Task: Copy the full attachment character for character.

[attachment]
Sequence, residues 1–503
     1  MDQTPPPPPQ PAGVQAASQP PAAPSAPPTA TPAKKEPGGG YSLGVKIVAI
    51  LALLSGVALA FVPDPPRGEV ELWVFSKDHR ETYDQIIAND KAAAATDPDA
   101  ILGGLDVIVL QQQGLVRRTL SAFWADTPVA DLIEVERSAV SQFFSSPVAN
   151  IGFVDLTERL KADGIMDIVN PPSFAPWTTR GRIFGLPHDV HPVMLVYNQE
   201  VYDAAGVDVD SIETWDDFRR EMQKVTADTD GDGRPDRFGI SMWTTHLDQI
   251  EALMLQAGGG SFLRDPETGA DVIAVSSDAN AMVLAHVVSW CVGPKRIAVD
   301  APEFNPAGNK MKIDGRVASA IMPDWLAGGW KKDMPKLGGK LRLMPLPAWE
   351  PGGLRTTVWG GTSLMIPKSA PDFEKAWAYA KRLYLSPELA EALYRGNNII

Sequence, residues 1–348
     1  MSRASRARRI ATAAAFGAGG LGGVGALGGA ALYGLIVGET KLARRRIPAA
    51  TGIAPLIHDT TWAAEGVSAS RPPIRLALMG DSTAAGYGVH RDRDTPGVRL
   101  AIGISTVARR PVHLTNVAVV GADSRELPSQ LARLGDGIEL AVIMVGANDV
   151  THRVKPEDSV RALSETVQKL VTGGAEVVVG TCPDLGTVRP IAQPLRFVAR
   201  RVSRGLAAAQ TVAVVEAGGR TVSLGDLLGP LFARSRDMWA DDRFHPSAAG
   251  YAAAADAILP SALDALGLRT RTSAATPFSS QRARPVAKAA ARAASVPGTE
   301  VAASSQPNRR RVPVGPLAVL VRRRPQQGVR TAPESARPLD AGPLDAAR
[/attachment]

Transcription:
Sequence, residues 1–503
     1  MDQTPPPPPQ PAGVQAASQP PAAPSAPPTA TPAKKEPGGG YSLGVKIVAI
    51  LALLSGVALA FVPDPPRGEV ELWVFSKDHR ETYDQIIAND KAAAATDPDA
   101  ILGGLDVIVL QQQGLVRRTL SAFWADTPVA DLIEVERSAV SQFFSSPVAN
   151  IGFVDLTERL KADGIMDIVN PPSFAPWTTR GRIFGLPHDV HPVMLVYNQE
   201  VYDAAGVDVD SIETWDDFRR EMQKVTADTD GDGRPDRFGI SMWTTHLDQI
   251  EALMLQAGGG SFLRDPETGA DVIAVSSDAN AMVLAHVVSW CVGPKRIAVD
   301  APEFNPAGNK MKIDGRVASA IMPDWLAGGW KKDMPKLGGK LRLMPLPAWE
   351  PGGLRTTVWG GTSLMIPKSA PDFEKAWAYA KRLYLSPELA EALYRGNNII

Sequence, residues 1–348
     1  MSRASRARRI ATAAAFGAGG LGGVGALGGA ALYGLIVGET KLARRRIPAA
    51  TGIAPLIHDT TWAAEGVSAS RPPIRLALMG DSTAAGYGVH RDRDTPGVRL
   101  AIGISTVARR PVHLTNVAVV GADSRELPSQ LARLGDGIEL AVIMVGANDV
   151  THRVKPEDSV RALSETVQKL VTGGAEVVVG TCPDLGTVRP IAQPLRFVAR
   201  RVSRGLAAAQ TVAVVEAGGR TVSLGDLLGP LFARSRDMWA DDRFHPSAAG
   251  YAAAADAILP SALDALGLRT RTSAATPFSS QRARPVAKAA ARAASVPGTE
   301  VAASSQPNRR RVPVGPLAVL VRRRPQQGVR TAPESARPLD AGPLDAAR